William Guy was in North Carolina helping to repair the damage caused when Hurricane Dorian hit the area in August 2019. He’s from Indiana and likely just didn’t know what he was looking at. In addition, he didn’t know the area, so he wasn’t aware of which direction he was looking or what was in the surrounding area. Unfortunately, he jumped the gun by labeling his video as a “real UFO sighting” before knowing what he filmed. When we follow the evidence, we find that he took video of parachute flares dropped from aircraft over a military bombing range. No alien fleet required.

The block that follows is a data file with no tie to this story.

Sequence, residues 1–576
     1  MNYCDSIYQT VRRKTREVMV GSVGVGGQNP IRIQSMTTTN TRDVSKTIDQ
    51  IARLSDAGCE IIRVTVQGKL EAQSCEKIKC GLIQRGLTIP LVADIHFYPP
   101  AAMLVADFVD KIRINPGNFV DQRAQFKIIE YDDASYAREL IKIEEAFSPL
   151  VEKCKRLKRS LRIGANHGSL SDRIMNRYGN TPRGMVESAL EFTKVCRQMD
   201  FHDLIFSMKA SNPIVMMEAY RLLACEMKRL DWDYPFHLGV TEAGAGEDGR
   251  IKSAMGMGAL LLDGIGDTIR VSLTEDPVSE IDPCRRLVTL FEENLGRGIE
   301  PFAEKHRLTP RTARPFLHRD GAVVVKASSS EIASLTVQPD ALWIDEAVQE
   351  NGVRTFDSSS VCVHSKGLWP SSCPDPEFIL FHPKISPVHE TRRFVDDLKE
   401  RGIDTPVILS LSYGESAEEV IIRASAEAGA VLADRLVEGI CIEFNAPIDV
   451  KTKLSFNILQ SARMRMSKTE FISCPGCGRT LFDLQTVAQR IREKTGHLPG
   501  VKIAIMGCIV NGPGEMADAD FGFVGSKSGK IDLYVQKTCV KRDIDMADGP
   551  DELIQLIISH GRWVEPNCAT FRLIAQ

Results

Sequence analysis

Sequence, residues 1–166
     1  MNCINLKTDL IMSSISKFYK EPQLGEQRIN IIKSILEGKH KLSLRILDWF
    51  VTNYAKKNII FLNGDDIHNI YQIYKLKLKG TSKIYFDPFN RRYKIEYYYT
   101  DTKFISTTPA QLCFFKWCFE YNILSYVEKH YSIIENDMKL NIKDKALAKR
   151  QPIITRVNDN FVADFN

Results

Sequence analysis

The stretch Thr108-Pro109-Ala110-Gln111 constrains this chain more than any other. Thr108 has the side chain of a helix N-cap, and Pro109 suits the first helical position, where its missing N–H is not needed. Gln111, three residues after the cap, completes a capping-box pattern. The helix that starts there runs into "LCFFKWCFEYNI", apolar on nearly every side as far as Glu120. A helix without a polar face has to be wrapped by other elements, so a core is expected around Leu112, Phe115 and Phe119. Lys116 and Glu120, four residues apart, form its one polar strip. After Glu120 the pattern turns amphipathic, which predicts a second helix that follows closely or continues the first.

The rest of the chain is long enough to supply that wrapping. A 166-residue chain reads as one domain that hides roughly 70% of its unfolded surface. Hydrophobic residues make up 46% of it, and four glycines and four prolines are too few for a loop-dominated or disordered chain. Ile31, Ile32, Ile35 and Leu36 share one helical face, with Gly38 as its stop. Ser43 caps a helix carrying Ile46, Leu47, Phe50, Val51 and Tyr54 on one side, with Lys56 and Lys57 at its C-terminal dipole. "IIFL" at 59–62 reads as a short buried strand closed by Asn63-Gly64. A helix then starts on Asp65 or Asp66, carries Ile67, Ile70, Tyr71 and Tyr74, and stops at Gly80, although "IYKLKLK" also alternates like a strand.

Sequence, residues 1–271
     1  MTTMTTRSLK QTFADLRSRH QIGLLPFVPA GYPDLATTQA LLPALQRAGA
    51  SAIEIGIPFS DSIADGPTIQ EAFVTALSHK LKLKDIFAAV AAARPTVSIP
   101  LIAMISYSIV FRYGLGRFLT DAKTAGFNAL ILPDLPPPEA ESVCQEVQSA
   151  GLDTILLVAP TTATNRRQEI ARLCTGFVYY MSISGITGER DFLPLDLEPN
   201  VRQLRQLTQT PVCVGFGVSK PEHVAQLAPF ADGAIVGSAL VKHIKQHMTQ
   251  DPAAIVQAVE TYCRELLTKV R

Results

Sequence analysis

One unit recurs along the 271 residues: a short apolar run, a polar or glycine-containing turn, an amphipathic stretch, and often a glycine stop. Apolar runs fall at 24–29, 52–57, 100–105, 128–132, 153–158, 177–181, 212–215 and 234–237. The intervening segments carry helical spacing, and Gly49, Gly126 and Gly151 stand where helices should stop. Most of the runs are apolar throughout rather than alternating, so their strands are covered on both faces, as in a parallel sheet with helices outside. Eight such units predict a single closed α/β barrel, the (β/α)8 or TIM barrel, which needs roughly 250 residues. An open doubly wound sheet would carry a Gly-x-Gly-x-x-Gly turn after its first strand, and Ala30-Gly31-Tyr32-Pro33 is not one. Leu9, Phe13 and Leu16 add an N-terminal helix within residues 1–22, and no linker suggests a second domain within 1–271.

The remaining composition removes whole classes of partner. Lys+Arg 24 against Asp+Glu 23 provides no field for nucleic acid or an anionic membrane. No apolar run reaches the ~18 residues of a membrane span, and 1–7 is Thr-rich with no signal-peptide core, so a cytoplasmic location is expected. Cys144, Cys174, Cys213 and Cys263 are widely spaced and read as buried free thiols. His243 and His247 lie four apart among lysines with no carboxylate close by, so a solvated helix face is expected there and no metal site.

Kenny Biddle

Kenny Biddle is a science enthusiast who investigates claims of paranormal experiences, equipment, photos, and video. He promotes science, critical thinking, and skepticism through his blog I Am Kenny Biddle. He frequently hosts workshops on how to deconstruct and explain paranormal photography. Email – parainvestigator@comcast.net